Do not be ashamed to report it. Bruises and bumps aren't the only signs of elder abuse. Sometimes elder abuse is not physical. In fact, the most insidious kind is financial. It can come from a friendly stranger on the telephone promising a free cruise or a neighborly guy who asks for cash to repair a leaky roof.

Financial abuse is the improper use of an adult's funds, property, or resources by another individual. This includes fraud, embezzlement, forgery, falsifying records, coerced property transfers, or denial of access to assets.

Some indicators of financial abuse include:

  • Unexplained or sudden inability to pay bills
  • Unexplained or sudden withdrawal of money from accounts
  • Disparity between assets and living conditions

Nationally, there are thought to be about 5 million victims of financial abuse each year. That is based on the estimate that only 1 in 25 cases of financial abuse are reported.  Many people keep abuse a secret.  Victims often feel ashamed to report that a family member is stealing from them or embarrassed to admit they were tricked out of their money by a stranger.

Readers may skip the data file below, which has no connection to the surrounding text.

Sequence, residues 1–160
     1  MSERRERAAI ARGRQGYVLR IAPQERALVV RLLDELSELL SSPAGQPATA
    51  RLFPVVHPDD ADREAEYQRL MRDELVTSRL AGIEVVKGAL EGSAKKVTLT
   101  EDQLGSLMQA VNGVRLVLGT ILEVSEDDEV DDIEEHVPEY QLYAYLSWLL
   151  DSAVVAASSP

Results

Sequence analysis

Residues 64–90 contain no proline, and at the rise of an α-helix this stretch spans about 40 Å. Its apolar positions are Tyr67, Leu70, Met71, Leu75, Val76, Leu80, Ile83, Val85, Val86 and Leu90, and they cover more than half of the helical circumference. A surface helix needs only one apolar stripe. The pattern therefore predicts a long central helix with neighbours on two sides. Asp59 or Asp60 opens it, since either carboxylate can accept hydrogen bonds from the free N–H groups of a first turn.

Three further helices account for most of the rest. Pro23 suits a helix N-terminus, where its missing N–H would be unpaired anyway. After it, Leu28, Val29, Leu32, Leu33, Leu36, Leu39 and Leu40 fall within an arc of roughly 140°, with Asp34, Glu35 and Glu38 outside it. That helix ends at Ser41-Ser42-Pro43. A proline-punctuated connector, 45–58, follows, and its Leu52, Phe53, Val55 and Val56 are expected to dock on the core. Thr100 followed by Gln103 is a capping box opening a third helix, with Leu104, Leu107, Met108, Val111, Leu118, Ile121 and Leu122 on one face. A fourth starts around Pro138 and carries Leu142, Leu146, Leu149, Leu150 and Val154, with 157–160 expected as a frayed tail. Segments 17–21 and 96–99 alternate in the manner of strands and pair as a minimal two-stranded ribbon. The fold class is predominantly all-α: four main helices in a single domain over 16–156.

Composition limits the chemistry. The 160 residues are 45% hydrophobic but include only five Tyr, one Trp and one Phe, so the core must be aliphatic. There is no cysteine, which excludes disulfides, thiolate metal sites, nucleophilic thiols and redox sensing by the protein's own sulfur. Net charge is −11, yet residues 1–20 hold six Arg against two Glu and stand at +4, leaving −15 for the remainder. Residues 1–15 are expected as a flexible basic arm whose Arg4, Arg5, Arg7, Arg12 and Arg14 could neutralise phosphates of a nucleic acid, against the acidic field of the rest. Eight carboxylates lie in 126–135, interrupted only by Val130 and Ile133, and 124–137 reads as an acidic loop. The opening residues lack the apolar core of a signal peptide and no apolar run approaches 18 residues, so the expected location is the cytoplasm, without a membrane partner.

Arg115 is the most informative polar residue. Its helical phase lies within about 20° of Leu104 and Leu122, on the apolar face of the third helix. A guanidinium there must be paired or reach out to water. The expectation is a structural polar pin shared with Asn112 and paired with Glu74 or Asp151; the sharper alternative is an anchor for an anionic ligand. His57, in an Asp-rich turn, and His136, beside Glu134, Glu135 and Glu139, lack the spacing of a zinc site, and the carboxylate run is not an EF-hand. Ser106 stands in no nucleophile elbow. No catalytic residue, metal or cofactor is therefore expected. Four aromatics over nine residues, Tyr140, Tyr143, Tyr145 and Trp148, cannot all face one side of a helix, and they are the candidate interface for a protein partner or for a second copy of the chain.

Westchester seniors are encouraged to participate in a new program to prevent elder fraud and crime. Senior Crime Busters, launched this summer, is designed to teach seniors and their families ways to stay safe and avoid financial exploitation and other scams.

The new outreach effort brings officials from law enforcement, social service agencies and non-profit organizations in Westchester together to offer free presentations to senior groups.
In a typical program, seniors will learn:

  • the most common scams
  • tell-tale techniques perpetrators use
  • who to alert if they identify a scam or are victimized
  • how to protect their physical safety in daily situations

In Westchester, people 60 and older represent 20 percent of the population, or one in five residents. The initiative underscores the county’s strong commitment to protecting its older residents, who are especially vulnerable to fraud.

If you are interested in bringing Senior Crime Busters to your group, or are seeking more information, call (914) 995-2190. 

For more information on how the elderly can protect themselves against identity theft, predatory lending and other forms of fraud go to the Westchester County Department of Consumer Protection.